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Eur J Appl Physiol. 2012 Sep;112(9):3179-86. doi: 10.1007/s00421-011-2303-7. Epub 2012 Jan 5.

Physical activity benefits bone density and bone-related hormones in adult men with cervical spinal cord injury.

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1
Núcleo de Estudos em Nutrição e Fatores de Estresse, Instituto de Nutrição, Universidade do Estado do Rio de Janeiro, Rua São Francisco Xavier, 524-12º andar, Maracanã, Rio de Janeiro, RJ, 20550-900, Brazil.

Abstract

Severe bone loss is a recognized complication of chronic spinal cord injury (SCI). Physical exercise contributes to bone health; however, its influence on bone mass of cervical SCI individuals has not been investigated. The aim of this study was to investigate the influence of physical activity on bone mass, bone metabolism, and vitamin D status in quadriplegics. Total, lumbar spine (L1-L4), femur and radius bone mineral density (BMD) were assessed in active (n = 15) and sedentary (n = 10) quadriplegic men by dual energy X-ray absorptiometry. Concentrations of 25-hydroxyvitamin D [25(OH)D], PTH, IGF1, osteocalcin and NTx were measured in serum. After adjustments for duration of injury, total body mass, and habitual calcium intake, bone indices were similar between groups, except for L1-L4 BMD Z score that was higher in the sedentary group (P < 0.05). Hours of physical exercise per week correlated positively with 25(OH)D (r = 0.59; P < 0.05) and negatively with PTH (r = -0.50; P < 0.05). Femur BMD was negatively associated with the number of months elapsed between the injury and the onset of physical activity (r = -0.60; P < 0.05). Moreover, in the active subjects, both L1-L4 BMD Z score (r = 0.72; P < 0.01) and radius BMD (r = 0.59; P < 0.05) were positively associated with calcium intake. In this cross-sectional study, both the onset of physical activity after injury and the number of hours dedicated to exercise were able to influence bone density and bone-related hormones in quadriplegic men. Our results also suggest a positive combined effect of exercise and calcium intake on bone health of quadriplegic individuals.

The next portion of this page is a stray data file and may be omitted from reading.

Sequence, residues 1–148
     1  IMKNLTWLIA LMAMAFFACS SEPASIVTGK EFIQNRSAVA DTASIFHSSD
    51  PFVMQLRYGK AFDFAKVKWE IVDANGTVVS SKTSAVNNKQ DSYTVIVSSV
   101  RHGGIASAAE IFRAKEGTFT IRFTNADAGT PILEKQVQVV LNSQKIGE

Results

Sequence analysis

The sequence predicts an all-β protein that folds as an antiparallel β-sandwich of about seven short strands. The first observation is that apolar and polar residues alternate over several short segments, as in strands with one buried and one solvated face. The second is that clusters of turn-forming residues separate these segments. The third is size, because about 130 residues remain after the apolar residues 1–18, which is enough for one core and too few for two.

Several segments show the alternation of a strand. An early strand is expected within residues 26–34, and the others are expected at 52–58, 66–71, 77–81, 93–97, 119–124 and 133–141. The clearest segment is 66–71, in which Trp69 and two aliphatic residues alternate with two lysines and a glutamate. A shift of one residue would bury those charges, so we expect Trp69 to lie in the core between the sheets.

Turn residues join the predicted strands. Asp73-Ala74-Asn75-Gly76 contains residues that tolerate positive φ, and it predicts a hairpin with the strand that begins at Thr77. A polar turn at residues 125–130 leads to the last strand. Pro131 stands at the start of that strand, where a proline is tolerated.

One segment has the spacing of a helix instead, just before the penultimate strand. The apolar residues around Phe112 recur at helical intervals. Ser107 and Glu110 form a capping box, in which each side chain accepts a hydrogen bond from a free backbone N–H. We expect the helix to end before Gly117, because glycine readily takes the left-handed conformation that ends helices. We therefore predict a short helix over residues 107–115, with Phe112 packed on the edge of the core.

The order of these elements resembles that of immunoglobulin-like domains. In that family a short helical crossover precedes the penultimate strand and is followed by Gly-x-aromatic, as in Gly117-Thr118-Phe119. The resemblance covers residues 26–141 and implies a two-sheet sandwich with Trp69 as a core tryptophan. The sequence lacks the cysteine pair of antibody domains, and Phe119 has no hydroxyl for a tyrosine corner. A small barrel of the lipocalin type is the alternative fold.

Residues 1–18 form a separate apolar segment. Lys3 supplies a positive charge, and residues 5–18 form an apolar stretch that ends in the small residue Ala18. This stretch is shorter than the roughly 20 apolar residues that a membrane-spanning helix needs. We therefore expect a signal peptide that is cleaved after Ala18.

PMID:
22218778
DOI:
10.1007/s00421-011-2303-7
[Indexed for MEDLINE]
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